Similar to banks, a maritime-related risk register can also help create and implement policies on a larger scale with the involvement of government bodies. The HSE specifically has guidelines on maritime risk assessment, including how to identify hazards on the sea and on the ship, as well as how to address them.

Using iAuditor for Mitigating Risks

Traditionally, risk registers were done on pen and paper. The documents are then stored in offices’ storage rooms or cabinets. Today, however, risk registers can now be done digitally and stored in the cloud.

iAuditor by SafetyCulture is a digital inspection app that offers such functionality. It can help you create and manage risk registers with digital checklists using your phone, then store them in the cloud for later access. With iAuditor, you can also address the risks on the go and highlight your findings on them should you need to. Checklists can be made from scratch, but you can also choose to use or customize premade ones from iAuditor’s Public Library.

Other things you can do with iAuditor are:

  • Report problems by raising Issues, assigning Actions, and providing a Heads Up to your team
  • Use your existing Word, Excel, or PDF checklists with the app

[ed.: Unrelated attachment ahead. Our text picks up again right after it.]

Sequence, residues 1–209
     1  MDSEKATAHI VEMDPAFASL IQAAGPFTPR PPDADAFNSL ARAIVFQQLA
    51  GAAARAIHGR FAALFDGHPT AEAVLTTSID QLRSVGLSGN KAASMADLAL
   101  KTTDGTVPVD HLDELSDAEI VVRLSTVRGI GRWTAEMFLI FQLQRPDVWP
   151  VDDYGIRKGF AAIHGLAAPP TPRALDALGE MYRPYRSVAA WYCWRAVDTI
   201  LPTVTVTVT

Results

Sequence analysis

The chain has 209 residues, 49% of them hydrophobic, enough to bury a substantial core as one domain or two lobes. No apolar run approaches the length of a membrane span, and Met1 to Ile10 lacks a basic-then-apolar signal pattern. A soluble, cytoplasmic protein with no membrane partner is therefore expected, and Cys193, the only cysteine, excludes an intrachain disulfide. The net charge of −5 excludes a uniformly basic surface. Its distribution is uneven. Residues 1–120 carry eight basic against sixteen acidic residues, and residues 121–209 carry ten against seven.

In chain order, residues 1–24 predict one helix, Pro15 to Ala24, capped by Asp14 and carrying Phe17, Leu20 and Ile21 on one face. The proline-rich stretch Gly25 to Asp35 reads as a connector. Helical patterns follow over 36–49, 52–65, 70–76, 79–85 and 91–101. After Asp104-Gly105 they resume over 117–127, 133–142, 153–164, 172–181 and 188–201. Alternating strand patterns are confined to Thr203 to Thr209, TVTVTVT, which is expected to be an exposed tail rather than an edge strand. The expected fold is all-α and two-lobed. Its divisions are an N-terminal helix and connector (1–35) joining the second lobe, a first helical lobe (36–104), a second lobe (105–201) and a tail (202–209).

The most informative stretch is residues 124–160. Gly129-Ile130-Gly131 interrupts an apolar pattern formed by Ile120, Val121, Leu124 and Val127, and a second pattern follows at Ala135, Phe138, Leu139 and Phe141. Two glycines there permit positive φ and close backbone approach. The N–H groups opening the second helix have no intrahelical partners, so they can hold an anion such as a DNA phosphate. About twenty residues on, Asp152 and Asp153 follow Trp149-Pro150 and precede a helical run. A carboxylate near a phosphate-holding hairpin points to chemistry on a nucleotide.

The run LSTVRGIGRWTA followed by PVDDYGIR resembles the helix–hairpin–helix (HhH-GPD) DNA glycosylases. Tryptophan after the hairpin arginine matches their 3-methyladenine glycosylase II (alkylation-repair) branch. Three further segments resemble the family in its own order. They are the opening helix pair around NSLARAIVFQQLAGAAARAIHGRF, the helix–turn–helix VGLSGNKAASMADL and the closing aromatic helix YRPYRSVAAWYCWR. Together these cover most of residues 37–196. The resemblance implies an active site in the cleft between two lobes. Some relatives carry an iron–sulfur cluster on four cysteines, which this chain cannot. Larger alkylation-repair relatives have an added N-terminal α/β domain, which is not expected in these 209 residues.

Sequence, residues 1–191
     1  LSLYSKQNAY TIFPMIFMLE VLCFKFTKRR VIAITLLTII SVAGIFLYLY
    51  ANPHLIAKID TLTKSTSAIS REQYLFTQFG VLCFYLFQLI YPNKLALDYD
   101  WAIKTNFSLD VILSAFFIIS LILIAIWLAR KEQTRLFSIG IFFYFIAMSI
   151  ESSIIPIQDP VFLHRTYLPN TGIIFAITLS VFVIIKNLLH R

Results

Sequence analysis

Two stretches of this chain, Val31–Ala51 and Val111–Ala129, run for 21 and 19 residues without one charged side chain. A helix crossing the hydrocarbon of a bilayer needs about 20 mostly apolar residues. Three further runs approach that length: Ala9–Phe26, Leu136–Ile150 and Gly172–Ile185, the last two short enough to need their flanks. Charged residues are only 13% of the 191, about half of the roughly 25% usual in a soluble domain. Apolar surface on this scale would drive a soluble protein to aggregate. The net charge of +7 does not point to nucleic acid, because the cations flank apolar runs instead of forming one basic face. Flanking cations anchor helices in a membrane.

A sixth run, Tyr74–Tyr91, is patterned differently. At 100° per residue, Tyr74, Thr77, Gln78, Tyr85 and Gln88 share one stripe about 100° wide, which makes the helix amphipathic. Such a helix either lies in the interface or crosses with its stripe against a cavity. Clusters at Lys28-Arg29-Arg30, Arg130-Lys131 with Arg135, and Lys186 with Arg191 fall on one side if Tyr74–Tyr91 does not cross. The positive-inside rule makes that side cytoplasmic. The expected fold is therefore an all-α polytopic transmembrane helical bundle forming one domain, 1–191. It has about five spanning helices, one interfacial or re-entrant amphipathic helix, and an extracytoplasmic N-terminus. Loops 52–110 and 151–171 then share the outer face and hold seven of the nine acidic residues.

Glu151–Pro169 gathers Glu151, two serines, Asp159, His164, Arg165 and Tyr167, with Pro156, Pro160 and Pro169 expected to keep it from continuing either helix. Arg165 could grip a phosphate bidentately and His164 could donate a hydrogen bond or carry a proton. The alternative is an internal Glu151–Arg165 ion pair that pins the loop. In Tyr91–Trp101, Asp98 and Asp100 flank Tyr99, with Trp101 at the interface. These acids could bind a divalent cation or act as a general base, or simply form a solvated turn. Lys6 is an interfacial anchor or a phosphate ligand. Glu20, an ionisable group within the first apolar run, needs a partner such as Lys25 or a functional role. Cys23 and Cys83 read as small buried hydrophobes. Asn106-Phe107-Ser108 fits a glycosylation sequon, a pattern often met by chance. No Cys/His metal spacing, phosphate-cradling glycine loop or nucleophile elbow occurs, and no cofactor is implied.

• Create analytical reports based on your accomplished inspections
  • Share your templates with those in your organization

Try iAuditor for free today.

roselin manawis safetyculture content specialist

SafetyCulture Content Specialist

Roselin Manawis

Roselin Manawis is a content writer and researcher for SafetyCulture. She has experience in news writing and content marketing across different fields of discipline. Her background in Communication Arts enables her to leverage multimedia and improve the quality of her work. She also contributed as a research assistant for an international study and as a co-author for two books in 2020. With her informative articles, she aims to ignite digital transformation in workplaces around the world.

Roselin Manawis is a content writer and researcher for SafetyCulture. She has experience in news writing and content marketing across different fields of discipline. Her background in Communication Arts enables her to leverage multimedia and improve the quality of her work. She also contributed as a research assistant for an international study and as a co-author for two books in 2020. With her informative articles, she aims to ignite digital transformation in workplaces around the world.